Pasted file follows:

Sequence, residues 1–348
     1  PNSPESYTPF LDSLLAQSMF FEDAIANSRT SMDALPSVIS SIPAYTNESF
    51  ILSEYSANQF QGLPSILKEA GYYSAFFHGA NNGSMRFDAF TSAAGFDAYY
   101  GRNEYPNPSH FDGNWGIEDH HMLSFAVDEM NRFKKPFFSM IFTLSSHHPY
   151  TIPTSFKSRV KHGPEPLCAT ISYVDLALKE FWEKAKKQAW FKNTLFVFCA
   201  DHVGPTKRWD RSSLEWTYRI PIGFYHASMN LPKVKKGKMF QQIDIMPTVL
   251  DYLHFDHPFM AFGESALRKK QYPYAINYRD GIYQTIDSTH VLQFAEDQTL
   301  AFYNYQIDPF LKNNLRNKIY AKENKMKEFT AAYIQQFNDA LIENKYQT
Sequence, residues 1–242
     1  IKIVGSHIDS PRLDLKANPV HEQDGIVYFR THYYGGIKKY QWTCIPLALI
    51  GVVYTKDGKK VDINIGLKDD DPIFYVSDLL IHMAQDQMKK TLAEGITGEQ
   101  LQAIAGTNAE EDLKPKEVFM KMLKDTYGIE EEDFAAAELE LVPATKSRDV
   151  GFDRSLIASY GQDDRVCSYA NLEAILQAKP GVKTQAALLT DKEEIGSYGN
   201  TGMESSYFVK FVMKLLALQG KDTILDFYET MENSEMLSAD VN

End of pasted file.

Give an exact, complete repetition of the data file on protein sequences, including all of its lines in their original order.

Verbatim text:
Sequence, residues 1–348
     1  PNSPESYTPF LDSLLAQSMF FEDAIANSRT SMDALPSVIS SIPAYTNESF
    51  ILSEYSANQF QGLPSILKEA GYYSAFFHGA NNGSMRFDAF TSAAGFDAYY
   101  GRNEYPNPSH FDGNWGIEDH HMLSFAVDEM NRFKKPFFSM IFTLSSHHPY
   151  TIPTSFKSRV KHGPEPLCAT ISYVDLALKE FWEKAKKQAW FKNTLFVFCA
   201  DHVGPTKRWD RSSLEWTYRI PIGFYHASMN LPKVKKGKMF QQIDIMPTVL
   251  DYLHFDHPFM AFGESALRKK QYPYAINYRD GIYQTIDSTH VLQFAEDQTL
   301  AFYNYQIDPF LKNNLRNKIY AKENKMKEFT AAYIQQFNDA LIENKYQT
Sequence, residues 1–242
     1  IKIVGSHIDS PRLDLKANPV HEQDGIVYFR THYYGGIKKY QWTCIPLALI
    51  GVVYTKDGKK VDINIGLKDD DPIFYVSDLL IHMAQDQMKK TLAEGITGEQ
   101  LQAIAGTNAE EDLKPKEVFM KMLKDTYGIE EEDFAAAELE LVPATKSRDV
   151  GFDRSLIASY GQDDRVCSYA NLEAILQAKP GVKTQAALLT DKEEIGSYGN
   201  TGMESSYFVK FVMKLLALQG KDTILDFYET MENSEMLSAD VN